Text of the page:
Last night I made some Indian food and thought that merited some activity here other than the occasional spambot comment.
My friend John gave me a quart of raw milk on Saturday, and rather than say, drink it, I decided to make paneer, a fresh Indian cheese. I’ve made fresh cheese a couple of times; the process is very easy and adaptable with spices and herbs. (This lovely towel, which I used to wrap and press the paneer, was a thoughtful gift from my talented friend, Dawn.)
The decision to make paneer proved wise, given the presence of other ingredients in my kitchen that, when combined, make aloo matar paneer: red potatoes that were starting to show their age, a bag of frozen peas that were long overdue their use, and well-stocked spice shelves. I used this recipe as a guide.
So, to recap — Saturday: received milk. Monday: made paneer. Wednesday: made Indian dish. Not even a trip to the grocery store was required! This is the way I like to do things, when given the opportunity.
Remember those creamsicles? While ideal for preserving individual portions, they didn’t work too well for my intended purpose: coffee creamer. For some reason, the fats from the cream floated to the top of the coffee, creating an unappetizing glassy layer on the surface and leaving a greasy residue on the lid of my to-go mug. So, I’ve mostly resigned myself to black coffee, with the occasional treat of half-and-half or fresh cream.
Eager to find another use for the cream cubes, I was already considering custard or panna cotta recipes when I came across Cathy Erway’s basil panna cotta in The Art of Eating In (which I finished last night — good book). Erway goes from coupledom to singlehood about half-way into the book, which tells of her 2-year mission to forgo restaurants, take out, food carts, etc.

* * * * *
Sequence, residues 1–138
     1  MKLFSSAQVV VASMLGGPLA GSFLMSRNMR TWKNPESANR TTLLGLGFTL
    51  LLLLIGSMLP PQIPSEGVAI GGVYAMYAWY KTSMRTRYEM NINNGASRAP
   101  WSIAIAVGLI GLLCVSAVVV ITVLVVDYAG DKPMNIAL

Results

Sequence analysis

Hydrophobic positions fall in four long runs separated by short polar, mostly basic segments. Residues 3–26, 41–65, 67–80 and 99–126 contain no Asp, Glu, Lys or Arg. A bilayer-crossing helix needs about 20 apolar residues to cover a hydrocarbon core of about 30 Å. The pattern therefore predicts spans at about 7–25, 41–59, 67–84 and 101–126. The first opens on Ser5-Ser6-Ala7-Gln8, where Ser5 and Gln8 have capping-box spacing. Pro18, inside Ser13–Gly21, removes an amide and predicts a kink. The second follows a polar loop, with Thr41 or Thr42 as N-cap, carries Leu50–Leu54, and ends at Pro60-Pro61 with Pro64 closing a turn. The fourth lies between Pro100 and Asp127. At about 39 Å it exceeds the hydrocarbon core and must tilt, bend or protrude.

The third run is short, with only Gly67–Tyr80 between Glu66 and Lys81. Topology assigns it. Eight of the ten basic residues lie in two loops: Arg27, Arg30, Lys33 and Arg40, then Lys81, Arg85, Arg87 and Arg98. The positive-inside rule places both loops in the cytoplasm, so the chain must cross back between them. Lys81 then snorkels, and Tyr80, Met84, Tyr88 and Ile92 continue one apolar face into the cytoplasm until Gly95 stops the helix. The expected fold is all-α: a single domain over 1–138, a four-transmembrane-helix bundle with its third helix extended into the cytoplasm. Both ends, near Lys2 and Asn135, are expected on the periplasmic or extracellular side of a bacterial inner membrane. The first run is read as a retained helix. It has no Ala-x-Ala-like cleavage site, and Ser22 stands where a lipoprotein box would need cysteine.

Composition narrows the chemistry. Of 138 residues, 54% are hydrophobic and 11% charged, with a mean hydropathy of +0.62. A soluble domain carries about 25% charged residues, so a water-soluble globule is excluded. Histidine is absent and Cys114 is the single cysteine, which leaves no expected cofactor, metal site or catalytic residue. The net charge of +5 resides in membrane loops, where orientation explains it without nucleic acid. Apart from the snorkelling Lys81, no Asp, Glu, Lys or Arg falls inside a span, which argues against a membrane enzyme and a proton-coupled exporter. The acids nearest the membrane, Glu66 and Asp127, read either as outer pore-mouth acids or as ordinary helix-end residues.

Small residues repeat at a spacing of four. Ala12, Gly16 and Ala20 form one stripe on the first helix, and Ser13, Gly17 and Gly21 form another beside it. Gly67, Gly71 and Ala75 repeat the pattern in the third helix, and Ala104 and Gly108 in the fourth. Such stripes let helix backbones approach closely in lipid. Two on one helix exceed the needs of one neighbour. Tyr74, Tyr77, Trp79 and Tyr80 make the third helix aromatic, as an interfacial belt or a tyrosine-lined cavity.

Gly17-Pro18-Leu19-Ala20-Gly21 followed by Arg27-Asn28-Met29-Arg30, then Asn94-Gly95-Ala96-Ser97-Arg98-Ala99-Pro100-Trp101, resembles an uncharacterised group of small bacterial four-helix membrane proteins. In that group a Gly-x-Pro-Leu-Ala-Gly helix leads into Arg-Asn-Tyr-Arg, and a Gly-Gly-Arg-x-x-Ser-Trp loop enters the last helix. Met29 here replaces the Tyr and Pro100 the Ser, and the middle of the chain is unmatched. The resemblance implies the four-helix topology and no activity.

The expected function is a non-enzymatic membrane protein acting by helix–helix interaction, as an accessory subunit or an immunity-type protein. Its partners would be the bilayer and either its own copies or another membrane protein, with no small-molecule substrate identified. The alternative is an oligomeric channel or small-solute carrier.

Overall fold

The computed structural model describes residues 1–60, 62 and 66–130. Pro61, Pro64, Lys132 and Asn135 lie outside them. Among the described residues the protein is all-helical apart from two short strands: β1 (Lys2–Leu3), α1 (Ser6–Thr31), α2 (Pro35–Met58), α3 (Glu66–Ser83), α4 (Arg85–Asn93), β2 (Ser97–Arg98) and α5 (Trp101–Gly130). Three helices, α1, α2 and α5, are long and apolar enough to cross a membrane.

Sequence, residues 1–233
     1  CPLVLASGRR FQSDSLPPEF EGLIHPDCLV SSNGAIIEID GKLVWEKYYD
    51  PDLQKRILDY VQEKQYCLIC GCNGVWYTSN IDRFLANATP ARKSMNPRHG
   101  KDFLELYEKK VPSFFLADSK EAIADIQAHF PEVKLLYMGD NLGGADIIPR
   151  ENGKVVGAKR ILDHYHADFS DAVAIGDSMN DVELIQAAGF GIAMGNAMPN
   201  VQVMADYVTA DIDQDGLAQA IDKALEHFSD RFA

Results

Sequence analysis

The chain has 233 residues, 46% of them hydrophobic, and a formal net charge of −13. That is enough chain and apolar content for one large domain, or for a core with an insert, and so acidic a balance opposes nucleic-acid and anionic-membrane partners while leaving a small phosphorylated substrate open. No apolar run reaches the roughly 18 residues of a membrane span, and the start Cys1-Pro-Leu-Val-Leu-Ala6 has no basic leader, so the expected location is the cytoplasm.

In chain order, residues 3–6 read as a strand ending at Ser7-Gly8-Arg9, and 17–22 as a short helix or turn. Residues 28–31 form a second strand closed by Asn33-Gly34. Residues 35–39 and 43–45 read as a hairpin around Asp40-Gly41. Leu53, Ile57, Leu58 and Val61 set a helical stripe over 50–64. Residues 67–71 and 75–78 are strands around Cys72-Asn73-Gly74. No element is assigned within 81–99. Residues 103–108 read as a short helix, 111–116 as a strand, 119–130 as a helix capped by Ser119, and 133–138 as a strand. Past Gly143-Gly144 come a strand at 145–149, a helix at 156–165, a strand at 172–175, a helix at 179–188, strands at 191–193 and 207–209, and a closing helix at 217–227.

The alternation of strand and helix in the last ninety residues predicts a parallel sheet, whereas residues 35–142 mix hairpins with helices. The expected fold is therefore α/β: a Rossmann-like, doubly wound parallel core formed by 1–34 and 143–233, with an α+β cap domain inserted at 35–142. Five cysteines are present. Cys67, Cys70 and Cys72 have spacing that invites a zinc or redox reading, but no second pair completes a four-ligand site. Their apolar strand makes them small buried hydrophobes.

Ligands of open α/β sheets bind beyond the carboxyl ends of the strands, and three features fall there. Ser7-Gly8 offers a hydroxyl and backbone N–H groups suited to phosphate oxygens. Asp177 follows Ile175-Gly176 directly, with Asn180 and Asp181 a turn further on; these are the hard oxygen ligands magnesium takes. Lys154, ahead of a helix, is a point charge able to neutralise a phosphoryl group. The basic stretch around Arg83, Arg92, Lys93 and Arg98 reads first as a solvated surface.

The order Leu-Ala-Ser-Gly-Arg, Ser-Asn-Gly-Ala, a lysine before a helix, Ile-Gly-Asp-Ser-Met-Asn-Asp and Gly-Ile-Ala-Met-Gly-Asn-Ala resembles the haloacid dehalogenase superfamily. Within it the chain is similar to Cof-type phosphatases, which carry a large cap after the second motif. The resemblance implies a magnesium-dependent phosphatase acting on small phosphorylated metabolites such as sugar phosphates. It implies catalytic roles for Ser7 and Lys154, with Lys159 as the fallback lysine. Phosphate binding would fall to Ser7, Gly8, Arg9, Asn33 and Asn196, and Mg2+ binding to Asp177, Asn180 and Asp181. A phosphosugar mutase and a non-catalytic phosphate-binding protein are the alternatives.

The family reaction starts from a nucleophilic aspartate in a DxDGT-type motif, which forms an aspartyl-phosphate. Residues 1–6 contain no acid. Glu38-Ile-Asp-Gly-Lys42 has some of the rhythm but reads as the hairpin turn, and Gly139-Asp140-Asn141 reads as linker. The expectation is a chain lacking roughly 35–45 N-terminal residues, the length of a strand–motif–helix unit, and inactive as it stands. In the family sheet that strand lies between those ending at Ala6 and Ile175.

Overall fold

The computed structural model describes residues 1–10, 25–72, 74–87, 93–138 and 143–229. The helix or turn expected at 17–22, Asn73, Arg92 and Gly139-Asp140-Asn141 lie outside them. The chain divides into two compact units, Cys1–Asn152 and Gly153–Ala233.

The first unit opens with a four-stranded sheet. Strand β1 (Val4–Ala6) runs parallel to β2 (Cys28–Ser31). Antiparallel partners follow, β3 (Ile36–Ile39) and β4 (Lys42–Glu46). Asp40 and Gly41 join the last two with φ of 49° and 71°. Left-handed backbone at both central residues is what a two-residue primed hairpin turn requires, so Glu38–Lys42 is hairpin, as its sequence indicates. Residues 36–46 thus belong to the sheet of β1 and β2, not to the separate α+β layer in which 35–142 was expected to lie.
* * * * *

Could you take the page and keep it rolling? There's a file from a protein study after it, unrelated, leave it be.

Turns out, abstaining from restaurants somewhat complicates the typical first dinner-date routine. She has a guy over for dinner and endeavors to create a date-like meal and atmosphere. Apparently, she had fantastic luck inspiring romance, and credits her fresh basil panna cotta. While I didn’t experience this phenomenon, the indulgent dessert did garner appreciative moans.
Panna cotta is a good make-ahead dessert for dinner parties, date nights, pot lucks, etc. And because of the recipe‘s simplicity, you could have fun playing with the flavors. Instead of the basil-infused cream, next time I’d like to try chocolate panna cotta infused with mint.
Beautiful cream from Wagon Creek Creamery; basil from my garden.
You can see how the fat rose to the top of the panna cotta — just like what happened in my coffee, but more appetizing.
As much as I enjoy Wagon Creak Creamery cream, I don’t regularly order it from the food co-op because I can’t use the entire pint before it goes bad. I like a glug of cream in my coffee and tea, though, so I buy Hiland or Braum’s half and half. Last month I decided to change that, or at least give it a try. Rah!
When I got my co-op order, I stirred up the beautiful, yellow, thick cream (You can’t find anything else like it! Well, not unless you have a cow, which I do not.) and poured it into my muffin tin cups. Then I froze the cups of cream until they solidified.